“When my producer Harper Hug looked at me and said he could hear Spanish guitar on ‘Her Bullets Energy’, I said, ‘That’s great! I hear that too. Who do you know that plays Spanish guitar?’ and he goes, ‘Well, I know Robbie Krieger’. And I just about fucking fell out of my chair and said, ‘Holy shit, do you think he would play on it?’”

Garcia speaks with the genuine excitement of anyone who has had the chance to colloborate with a personal hero.

“Next thing you know I was in a studio in Los Angeles and he was laying down some flamenco Spanish guitar on the track!”

He talks often about ‘breathing new life’ into the songs he neglected for so long. It was simply fun, he says, to revisit them and see where they might end up.

“’The Blvd’ took on a life of its own,” Garcia says. “It’s great when a song writes itself. Being in the studio and recording with Marc Diamond and Dave Angstrom and Tom Brayton on this particular track, it was great for it take a different direction from what I thought it was going to. Same with ‘My Mind’, the opening track. That was the really enjoyable part of being in the studio, hearing songs take on new meaning and new life and ‘The Blvd’ was a direct result of that. That’s the stand-out track for me.”

John Garcia’s next challenge is to bring those songs to the stage, a feat he will be doing for the first time when he comes to Australia in September for a whirlwind east coast tour. Garcia has a deep affinity with our wide brown shores that goes right back to the first time Kyuss visited when they opened for Metallica on the Black tour.

“It’s nerve-wracking to expose myself without being behind a band name such as Vista Chino or Unida or Kyuss Lives! or Kyuss. But I’d be nervous if I wasn’t doing this. But to be doing this in Australia for the first time in my career and have Australia be the conduit – for me to do this for the first time in Australia, not in California, not in Europe, not in South America, but in your beautiful country… Australia’s always had a special place in my heart. It seems very fitting.”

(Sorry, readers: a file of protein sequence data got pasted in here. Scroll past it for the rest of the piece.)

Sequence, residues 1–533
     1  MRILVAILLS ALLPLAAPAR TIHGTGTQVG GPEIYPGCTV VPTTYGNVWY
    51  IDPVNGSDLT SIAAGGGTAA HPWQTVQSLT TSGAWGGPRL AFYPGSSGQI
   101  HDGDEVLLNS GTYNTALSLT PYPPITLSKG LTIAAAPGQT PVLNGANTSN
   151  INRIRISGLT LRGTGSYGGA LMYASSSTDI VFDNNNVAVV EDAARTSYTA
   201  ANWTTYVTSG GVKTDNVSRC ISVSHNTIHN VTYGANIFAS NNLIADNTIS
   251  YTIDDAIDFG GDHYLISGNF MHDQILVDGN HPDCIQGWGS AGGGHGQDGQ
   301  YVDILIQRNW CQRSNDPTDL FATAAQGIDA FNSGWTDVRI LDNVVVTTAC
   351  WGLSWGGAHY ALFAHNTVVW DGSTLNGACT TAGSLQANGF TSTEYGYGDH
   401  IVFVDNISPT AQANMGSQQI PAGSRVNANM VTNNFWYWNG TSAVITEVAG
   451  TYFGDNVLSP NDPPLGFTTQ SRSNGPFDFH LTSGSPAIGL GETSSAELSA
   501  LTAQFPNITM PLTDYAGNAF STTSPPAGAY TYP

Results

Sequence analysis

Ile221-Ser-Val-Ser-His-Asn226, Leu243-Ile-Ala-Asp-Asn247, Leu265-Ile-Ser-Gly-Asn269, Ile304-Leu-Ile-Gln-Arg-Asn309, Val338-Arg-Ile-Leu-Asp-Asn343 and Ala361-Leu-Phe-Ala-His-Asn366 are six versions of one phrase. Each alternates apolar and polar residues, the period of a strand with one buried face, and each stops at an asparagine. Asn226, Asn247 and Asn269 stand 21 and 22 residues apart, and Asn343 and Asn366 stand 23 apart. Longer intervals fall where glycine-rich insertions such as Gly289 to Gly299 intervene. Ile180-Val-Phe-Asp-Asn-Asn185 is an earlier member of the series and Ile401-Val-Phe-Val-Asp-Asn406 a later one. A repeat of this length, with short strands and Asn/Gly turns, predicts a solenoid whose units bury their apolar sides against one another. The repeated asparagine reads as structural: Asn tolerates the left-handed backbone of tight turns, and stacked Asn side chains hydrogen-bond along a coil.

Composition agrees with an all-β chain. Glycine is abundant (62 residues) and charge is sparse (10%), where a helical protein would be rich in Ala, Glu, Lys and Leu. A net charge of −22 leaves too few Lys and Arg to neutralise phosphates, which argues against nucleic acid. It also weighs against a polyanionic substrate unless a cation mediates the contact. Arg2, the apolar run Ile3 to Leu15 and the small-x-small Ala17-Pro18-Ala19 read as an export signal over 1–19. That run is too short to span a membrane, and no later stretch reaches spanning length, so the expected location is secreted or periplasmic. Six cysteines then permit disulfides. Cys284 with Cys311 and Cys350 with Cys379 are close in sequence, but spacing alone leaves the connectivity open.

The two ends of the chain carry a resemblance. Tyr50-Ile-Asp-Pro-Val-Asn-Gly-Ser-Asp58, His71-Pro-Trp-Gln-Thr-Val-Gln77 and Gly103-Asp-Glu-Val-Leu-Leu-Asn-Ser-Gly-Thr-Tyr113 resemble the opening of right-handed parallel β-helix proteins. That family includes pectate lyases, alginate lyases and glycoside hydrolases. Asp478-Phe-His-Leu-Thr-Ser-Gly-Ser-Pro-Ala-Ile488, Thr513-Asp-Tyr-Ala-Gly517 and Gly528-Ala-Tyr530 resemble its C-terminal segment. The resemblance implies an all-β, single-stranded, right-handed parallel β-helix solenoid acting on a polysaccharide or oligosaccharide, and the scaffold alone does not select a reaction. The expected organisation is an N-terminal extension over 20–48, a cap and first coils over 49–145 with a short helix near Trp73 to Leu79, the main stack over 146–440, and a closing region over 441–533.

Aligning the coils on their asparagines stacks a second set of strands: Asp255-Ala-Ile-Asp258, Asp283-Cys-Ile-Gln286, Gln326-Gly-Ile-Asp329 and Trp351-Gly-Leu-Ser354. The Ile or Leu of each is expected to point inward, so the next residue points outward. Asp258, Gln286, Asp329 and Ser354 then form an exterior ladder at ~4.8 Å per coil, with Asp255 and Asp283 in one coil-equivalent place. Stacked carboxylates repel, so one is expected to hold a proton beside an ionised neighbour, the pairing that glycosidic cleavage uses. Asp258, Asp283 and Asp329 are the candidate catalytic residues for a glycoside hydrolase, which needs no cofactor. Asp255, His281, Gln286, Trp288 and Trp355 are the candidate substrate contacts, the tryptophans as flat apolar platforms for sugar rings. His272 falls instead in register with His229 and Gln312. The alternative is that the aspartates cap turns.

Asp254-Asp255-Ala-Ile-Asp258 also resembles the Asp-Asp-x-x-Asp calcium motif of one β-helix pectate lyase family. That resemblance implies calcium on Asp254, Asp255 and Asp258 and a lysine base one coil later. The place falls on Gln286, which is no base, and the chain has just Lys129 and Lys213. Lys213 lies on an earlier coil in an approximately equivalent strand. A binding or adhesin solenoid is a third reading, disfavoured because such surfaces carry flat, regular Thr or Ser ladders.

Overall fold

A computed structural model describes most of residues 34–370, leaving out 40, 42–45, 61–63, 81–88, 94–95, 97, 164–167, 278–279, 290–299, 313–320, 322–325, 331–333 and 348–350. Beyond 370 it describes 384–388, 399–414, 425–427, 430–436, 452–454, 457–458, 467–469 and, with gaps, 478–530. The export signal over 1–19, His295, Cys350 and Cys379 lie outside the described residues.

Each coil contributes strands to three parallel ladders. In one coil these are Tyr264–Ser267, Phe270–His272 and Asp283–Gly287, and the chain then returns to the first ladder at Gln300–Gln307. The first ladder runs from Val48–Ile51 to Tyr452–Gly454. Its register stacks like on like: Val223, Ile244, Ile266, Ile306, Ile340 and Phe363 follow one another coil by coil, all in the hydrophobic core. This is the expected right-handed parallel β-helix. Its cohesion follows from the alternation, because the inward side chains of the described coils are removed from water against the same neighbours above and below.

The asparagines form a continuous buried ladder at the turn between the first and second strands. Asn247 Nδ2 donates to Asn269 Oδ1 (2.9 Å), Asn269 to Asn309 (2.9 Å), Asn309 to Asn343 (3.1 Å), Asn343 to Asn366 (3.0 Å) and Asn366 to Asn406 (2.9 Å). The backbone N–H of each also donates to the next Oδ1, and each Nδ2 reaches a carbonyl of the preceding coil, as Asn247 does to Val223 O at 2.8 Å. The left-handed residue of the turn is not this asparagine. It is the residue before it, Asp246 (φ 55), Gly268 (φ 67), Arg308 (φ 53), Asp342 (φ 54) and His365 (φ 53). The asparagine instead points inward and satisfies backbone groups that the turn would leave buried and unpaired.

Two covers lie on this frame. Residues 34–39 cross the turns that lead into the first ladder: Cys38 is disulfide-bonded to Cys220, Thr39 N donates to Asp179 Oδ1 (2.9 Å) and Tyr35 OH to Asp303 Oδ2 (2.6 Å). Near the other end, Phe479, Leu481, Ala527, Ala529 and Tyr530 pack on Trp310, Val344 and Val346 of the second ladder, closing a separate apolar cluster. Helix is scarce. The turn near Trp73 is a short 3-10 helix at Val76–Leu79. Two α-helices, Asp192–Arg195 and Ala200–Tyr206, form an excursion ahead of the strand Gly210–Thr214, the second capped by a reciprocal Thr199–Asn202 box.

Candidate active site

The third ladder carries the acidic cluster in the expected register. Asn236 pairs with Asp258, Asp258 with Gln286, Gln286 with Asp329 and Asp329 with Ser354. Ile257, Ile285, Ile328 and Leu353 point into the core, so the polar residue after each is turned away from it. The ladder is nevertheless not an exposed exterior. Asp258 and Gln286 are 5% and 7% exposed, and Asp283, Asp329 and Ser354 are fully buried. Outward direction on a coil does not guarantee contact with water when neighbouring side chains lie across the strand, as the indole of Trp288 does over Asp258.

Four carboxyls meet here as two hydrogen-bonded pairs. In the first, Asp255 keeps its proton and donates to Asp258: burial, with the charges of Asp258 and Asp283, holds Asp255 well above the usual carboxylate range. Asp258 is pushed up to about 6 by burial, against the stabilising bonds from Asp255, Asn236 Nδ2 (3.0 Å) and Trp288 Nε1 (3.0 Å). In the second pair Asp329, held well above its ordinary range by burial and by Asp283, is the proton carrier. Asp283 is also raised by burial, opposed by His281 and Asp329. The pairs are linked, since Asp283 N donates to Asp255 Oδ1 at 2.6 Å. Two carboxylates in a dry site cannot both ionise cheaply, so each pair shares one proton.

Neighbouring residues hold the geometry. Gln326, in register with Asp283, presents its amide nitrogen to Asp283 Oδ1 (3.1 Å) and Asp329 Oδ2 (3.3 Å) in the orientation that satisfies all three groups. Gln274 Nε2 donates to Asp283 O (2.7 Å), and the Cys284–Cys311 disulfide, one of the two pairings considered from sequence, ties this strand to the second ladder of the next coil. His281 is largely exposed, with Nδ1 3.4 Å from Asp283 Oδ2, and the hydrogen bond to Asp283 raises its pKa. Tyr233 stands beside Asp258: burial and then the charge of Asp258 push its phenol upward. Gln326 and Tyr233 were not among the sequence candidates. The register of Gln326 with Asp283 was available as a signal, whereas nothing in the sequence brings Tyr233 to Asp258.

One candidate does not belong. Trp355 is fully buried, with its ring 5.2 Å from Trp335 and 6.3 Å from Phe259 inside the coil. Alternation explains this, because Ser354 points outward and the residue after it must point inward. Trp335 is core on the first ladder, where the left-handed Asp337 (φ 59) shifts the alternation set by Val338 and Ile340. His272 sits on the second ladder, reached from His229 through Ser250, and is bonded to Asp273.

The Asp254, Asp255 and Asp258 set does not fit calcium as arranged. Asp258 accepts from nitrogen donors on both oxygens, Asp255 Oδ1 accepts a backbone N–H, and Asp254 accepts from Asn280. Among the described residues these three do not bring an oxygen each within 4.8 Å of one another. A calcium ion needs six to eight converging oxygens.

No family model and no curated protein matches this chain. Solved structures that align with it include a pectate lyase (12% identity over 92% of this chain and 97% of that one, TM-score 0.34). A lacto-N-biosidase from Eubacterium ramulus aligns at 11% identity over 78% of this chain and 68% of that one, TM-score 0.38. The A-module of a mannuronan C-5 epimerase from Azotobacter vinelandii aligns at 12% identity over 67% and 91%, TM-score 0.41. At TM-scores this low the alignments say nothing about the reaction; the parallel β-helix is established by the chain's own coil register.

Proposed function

He even goes so far as to say that if he could afford it, he’d buy a second house on the Gold Coast and apologises for not doing a complete Australian tour this time around, with a promise he’ll return as soon as he can.

“I’m looking forward to it and even though it’s only four exclusive shows, it’s exactly that – it’s very exclusive, and I’ve been getting a little flak in regards to Adelaide and Perth and New Zealand and Tassie, but I’m just looking forward to getting down there and doing this. Eventually I hope to get down there sometime at the beginning or mid-next year to do a more extensive tour. And my band’s really excited too.”

He has a final gift to his Aussie fans too. Eschewing the recent trend for touring artists to charge their fans a king’s ransom for a handshake and a photo when they can just as easily be found drinking in the next bar after a show for free, John Garcia is doing meet-and-greets before each one of his performances. For no extra charge.

“I appreciate Australia,” he says warmly. “I appreciate all the love and support that Oz has given me, man. This is a monumental moment for me, and to have people show up and buy a ticket and see me play, past and present – I gotta give thanks. I wanna invite everybody down to hang out with me. I’m gonna be hanging around early and if people want to shoot a photo or shake my hand or fucking spit in my face… I certainly hope they don’t do that! This is my way of saying thank you. No need to charge fucking extra for all of that stuff. I just appreciate all the people coming down to my show, and I wanna make it special.”